Shoppers accustomed to late night hours at the Myrtle Beach Wal-Mart Supercenter on Seaboard Street will have to shift their routines beginning Sunday when the store starts locking its doors at midnight.
Local co-manager Devin Parham referred questions about the shift from 24-hour shopping to Wal-Mart corporate spokesman Brian Nick. Nick said the change in hours simply reflects an operations decision at the corporate level. Starting Sunday, store hours will be 6 a.m. to midnight.
“In this case, we reviewed customer shopping patterns and determined the few hours the store will not be open to customers will allow us to reallocate resources to ensure our store is in the best shape during peak shopping hours,” Nick said.
New store hours for Wal-Mart on Seaboard Street in Myrtle Beach will be 6 a.m. to midnight, starting Sunday
In response to why the decision was made during the peak of the summer tourist season, Nick said it is a business decision occurring at different stores across the country. No other stores in the immediate area of the Grand Strand is affected at this time, but Nick said a store in Summerville near Charleston also would start closing at midnight.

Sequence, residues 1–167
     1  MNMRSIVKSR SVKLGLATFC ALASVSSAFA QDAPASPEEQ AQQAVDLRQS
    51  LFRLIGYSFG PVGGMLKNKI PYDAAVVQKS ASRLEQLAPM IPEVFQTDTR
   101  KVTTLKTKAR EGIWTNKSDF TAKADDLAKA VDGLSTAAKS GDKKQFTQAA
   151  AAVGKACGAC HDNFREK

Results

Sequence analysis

“The overall goal is to reallocate resources to make sure the store is in the best shape when customers visit the most frequently,” Nick said. “It’s a matter of having a few hours closed to customers that allows associates to focus resources to have the store ready bright and early in the morning.”
Marshall Horne, who said he lives on the north end of the Grand Strand, said if the store in his area changed its night shopping hours, it would definitely affect his ability to shop there.
Horne said he was shopping at the Seaboard Street location Wednesday afternoon because he had other business in the area, but he typically does his Wal-Mart shopping after 11 p.m.
“Closing the store at midnight would definitely affect me especially in the summer because I go to Wal-Mart late at night to avoid all the tourists,” he said. “You’re not going to see many busy locals shopping at 3 p.m.”
While Horne questioned whether crime in the area of the Myrtle Beach store might have been a factor in the decision to close at midnight, Nick said, “The stores in general are closing because of reasons we discussed and not other reasons.”
In this case, we reviewed customer shopping patterns and determined the few hours the store will not be open to customers will allow us to reallocate resources to ensure our store is in the best shape during peak shopping hours.”
Wal-Mart corporate spokesman Brian Nick
Nick also said taking care of associates that might be affected by the change is Wal-Mart’s “No. 1 goal.”
“We will reposition them in the store or in a different role that allows them to continue in their overnight position or allow them to transfer to daytime. If that is not possible, we will try to transfer them to a nearby store,” he said.
Contact Angela Nicholas at firstname.lastname@example.org.